When the first major story broke on problems with sexual misconduct within the Roman Catholic Church, I told a friend that for the church, things would get a lot worse before they got better.
A reader wrote a letter to the editor in which he stated that the uncovering of sexual abusive behavior among priests would equate to fire for the church – a cleansing agent from which the church would emerge cleaner, stronger and healthier.
When the first of the major corporate scandals hit the media reports, a similar scenario occurred. The fire burned again, and the cleansing began. Many business people tell me that corporate America and the accounting profession will be better for it.
Now we have the Jayson Blair saga and its fallout, including the resignation of Rick Bragg.
One reporter called an SPJ leader to ask if, in light of the resignation of Bragg, the media was undertaking a “witch hunt” within.
As an institution, the media always has been slow, sometimes even unwilling, to hold itself accountable. That costs us readers, viewers and listeners.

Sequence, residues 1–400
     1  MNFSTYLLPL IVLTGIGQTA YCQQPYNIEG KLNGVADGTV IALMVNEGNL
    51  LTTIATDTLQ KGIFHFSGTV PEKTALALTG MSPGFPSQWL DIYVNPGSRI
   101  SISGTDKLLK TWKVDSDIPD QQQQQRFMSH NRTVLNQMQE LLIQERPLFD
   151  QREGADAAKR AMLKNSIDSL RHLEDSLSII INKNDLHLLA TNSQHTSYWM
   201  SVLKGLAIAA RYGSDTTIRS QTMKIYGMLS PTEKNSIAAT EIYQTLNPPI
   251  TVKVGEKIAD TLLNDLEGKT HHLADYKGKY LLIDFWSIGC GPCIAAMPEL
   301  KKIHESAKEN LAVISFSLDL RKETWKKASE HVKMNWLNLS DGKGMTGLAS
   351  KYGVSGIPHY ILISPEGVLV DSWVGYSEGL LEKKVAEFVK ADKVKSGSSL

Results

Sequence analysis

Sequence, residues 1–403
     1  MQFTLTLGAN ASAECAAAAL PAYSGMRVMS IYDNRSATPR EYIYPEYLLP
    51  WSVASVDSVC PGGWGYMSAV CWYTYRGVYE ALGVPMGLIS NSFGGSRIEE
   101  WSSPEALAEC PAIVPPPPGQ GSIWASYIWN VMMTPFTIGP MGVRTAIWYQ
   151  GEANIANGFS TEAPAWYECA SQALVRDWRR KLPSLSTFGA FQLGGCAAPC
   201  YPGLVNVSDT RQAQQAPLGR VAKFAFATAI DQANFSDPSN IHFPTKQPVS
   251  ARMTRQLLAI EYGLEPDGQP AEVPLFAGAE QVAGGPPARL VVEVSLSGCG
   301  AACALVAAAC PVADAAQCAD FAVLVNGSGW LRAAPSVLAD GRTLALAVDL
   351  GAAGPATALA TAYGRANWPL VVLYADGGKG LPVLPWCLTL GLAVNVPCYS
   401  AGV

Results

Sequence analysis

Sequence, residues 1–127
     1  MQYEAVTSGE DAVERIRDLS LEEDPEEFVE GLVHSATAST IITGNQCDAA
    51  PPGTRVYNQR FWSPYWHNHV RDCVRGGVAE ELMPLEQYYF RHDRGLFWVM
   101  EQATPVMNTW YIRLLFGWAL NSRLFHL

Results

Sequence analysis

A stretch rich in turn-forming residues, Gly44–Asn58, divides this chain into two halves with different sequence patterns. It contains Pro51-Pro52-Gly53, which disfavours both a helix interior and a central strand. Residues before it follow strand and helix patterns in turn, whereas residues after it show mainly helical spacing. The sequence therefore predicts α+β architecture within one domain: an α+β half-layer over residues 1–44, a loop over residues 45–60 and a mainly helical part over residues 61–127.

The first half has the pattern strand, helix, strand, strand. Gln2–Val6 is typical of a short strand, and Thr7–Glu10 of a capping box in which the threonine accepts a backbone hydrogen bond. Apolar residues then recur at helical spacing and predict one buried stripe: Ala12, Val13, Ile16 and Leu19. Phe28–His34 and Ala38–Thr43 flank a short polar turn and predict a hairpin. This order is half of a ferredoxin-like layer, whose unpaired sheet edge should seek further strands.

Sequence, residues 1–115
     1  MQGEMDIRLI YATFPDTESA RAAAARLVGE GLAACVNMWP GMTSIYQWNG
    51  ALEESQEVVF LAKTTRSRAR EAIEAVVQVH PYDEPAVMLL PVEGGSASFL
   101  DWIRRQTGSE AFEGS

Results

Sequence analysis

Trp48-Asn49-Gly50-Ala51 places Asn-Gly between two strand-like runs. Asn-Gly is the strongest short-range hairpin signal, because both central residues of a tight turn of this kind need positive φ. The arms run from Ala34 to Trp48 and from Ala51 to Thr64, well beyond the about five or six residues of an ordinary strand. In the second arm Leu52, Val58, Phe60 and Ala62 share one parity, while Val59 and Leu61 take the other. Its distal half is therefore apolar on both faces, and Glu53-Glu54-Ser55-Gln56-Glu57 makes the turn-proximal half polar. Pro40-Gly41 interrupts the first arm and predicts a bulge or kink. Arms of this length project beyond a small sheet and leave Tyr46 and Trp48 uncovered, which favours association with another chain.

I think it’s important that we view the Jayson Blair incident and its fallout as journalism’s “fire” rather than someone simply getting “fired,” or the failure of newsroom diversity, or a shame cast on a bastion of the media. If it’s seen as a cleansing “fire,” then The New York Times can become more productive from dealing with our concerns and those of news consumers.
While discussing the Blair incident, I asked a fellow editor, “Why is it that journalists profess so much skepticism about what anyone else tells us, yet we cringe at putting our reporters under the same microscope?”
In the nearly four years I have been editor at The Business Journal, I have saved every e-mail and letter from a reader where a reporter’s work has been questioned. These have been few. Each resulted in significant due diligence to determine if a problem existed, and if one existed, what it required to fix it.
I never felt like a hunter of witches. I do not think that reporters involved in the examination feel hunted, nor should they.
In 2003 P.B. (“post Blair”), I might be more sensitive to such calls, but the process – perhaps re-examined, more rigorous and better – will remain.
I think that will happen within all quality news operations. It should.
People who have a fire for doing good journalism know that.
Mac McKerral is the editor of The Business Journal Serving Greater Tampa Bay in Tampa, Fla.